Back in March 2020, when the reality of COVID-19 was just beginning to sink in, our clients pivoted in ways that would reshape how they work. 

One such client was the Washington State Council of Fire Fighters (WSCFF). Since firefighters are called every day to attend to people in their homes, on the street, in nursing homes or hospitals, the WSCFF quickly realized they would need to track exposures to COVID-19 because all their members were at risk. 

A big job

The first thing they tried was a daily survey that could be loaded into an Excel spreadsheet, which they used to record and track who had tested positive, how many members were in quarantine, isolation, and out of service.

This was a big job for the office staff, who had to oversee numbers daily from over 122 participating locals. One of the locals set up a questionnaire that fed into a database. Staff had to pull an Excel file, manually correct errors, enter formulas and format it daily before posting the information to the website. Although a vital task, it wasn’t very efficient and quickly became overwhelming and frustrating.

Rhizome to the rescue

The WSCFF called us and asked if we could help. Once we had a copy of their master spreadsheet, we figured out that if each local entered their own data into an online form every day, all the staff would have to do is monitor it. If the right tool was in place, there would be fewer entry errors, the person entering the data could do it more quickly, the information that was submitted to the WSCFF would be more consistent, and the data would be up-to-date in real time.  

At Rhizome, we use Airtable for everything. So we wondered: could we create an Airtable base with all the fields they needed and then turn it into an online form? The answer was yes. It took us a few tries, but the form was up and running in less than a week.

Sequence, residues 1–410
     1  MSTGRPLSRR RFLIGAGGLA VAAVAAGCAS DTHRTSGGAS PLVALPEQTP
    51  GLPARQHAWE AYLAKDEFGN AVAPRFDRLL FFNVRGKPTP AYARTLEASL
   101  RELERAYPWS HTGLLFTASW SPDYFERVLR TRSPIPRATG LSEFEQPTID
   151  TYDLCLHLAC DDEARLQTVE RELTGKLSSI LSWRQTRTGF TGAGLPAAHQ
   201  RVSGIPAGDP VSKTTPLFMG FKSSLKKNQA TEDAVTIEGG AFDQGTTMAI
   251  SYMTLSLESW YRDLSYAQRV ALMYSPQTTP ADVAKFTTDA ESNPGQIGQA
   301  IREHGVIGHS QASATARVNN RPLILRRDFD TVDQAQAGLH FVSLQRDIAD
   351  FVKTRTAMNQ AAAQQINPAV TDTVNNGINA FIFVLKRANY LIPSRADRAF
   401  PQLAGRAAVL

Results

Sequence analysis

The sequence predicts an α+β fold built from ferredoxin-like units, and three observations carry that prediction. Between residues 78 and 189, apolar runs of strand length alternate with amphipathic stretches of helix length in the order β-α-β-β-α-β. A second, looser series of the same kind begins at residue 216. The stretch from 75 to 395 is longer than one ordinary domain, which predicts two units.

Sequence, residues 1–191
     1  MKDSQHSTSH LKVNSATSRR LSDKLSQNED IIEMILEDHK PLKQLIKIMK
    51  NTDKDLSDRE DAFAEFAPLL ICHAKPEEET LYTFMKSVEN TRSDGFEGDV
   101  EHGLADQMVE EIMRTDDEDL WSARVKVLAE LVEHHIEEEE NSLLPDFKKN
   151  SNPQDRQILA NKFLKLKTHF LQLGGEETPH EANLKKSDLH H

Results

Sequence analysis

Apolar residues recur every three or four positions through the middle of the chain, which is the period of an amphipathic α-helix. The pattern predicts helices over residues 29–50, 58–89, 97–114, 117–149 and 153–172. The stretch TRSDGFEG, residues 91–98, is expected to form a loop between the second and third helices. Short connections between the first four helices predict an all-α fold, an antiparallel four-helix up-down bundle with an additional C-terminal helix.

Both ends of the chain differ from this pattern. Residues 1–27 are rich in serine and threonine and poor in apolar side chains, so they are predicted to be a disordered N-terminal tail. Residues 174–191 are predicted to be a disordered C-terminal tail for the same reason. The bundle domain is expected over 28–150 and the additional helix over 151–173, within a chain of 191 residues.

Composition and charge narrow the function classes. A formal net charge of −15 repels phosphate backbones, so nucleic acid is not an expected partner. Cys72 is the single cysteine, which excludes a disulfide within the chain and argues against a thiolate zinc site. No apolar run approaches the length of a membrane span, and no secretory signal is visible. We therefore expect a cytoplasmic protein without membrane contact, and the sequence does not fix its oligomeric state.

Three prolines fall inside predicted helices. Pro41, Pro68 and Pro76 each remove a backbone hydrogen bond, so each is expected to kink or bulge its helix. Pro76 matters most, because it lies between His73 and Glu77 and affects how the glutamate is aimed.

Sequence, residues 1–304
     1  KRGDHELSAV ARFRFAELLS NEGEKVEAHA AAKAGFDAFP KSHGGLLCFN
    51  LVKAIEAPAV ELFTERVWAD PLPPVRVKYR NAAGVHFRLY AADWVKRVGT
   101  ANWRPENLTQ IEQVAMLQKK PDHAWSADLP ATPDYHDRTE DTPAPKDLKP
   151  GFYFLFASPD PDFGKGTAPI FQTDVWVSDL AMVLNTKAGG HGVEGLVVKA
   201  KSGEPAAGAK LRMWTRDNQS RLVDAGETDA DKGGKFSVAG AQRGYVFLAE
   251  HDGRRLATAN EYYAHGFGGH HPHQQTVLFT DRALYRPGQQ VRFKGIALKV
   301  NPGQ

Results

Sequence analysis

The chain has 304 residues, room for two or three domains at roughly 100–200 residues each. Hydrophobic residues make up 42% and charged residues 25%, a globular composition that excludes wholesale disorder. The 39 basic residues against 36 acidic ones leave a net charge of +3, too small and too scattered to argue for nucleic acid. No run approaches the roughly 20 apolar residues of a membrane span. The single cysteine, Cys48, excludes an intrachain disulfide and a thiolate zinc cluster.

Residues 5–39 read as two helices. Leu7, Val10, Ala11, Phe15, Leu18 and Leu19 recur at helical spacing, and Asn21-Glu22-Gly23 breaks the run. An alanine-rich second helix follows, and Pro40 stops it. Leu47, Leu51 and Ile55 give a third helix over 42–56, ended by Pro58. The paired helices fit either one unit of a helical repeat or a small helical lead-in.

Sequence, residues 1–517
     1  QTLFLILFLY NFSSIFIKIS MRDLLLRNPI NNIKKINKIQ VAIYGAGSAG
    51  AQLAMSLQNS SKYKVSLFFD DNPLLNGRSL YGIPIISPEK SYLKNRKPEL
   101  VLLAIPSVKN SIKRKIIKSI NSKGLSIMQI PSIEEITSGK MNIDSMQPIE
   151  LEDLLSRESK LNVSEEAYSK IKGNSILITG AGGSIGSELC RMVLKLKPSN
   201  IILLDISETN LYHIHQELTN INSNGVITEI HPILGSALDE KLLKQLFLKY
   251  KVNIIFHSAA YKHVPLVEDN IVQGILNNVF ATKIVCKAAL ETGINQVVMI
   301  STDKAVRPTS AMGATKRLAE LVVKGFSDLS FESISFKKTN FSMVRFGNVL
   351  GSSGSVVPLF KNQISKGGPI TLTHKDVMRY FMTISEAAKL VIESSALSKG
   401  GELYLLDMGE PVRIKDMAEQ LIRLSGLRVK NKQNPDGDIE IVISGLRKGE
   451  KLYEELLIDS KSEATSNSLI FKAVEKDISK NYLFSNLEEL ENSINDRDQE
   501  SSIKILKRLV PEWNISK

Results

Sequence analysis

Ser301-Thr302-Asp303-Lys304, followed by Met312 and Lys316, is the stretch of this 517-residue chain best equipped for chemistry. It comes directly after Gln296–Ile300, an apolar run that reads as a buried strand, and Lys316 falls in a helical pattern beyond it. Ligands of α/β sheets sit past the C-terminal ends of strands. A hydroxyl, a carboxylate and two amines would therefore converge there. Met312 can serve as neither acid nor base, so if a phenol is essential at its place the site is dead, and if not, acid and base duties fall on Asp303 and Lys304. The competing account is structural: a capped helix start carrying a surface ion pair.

How we did it

We set up the form behind the member portal of Every day, representatives from each local would login to the member area, complete the form, and submit their record.

Once we had some data from each of the locals, we embedded a reporting table on so members could see the COVID-19 numbers from across the state. Every week for about a month, we tweaked the field labels, fixed the occasional hiccup, and fine-tuned instructions to make them clearer and enhance the user experience.

See the public-facing tables.

What it looked like

In this example, you can see the number of firefighters who have tested positive for COVID-19 since March 17, 2020, by district. 

Covid-19 reports since march 2020

This next table shows the number of members who tested positive by month statewide.WSCFF-totals-by-month

What we learned

One issue we had was not being able to display the data as embedded charts and graphs on the website. Airtable’s charting app didn’t have that functionality. So, our developer programmed a JavaScript solution to pull the Airtable data, customize it, and display it in a way that would be useful for WSCFF members. 

Sometimes, the simplest things tripped us up. For instance, we had to instruct the people entering the data that even if they had no COVID-19 cases to report, they still needed to enter zero (0) in the form. If it was left blank, it would not work with our formulas and throw off the reporting.

The right tool for the job

This project was a reminder that even when there isn’t the time, money, or resources to develop an ideal system, you can still figure out a workaround. You may not get everything you want, but you can get a useful reporting mechanism that gives your client what they need, when they need it.  

Using Airtable was the most expedient way for us to hit the ground running. It was a solution that made it easy for users to enter data, easy for staff to monitor, and is easy to replicate. What we did for the Washington State Council of Fire Fighters is also being used by the state councils in Alaska, Idaho, and Montana to collect similar information. 

A low-tech solution, and the right tool for the job.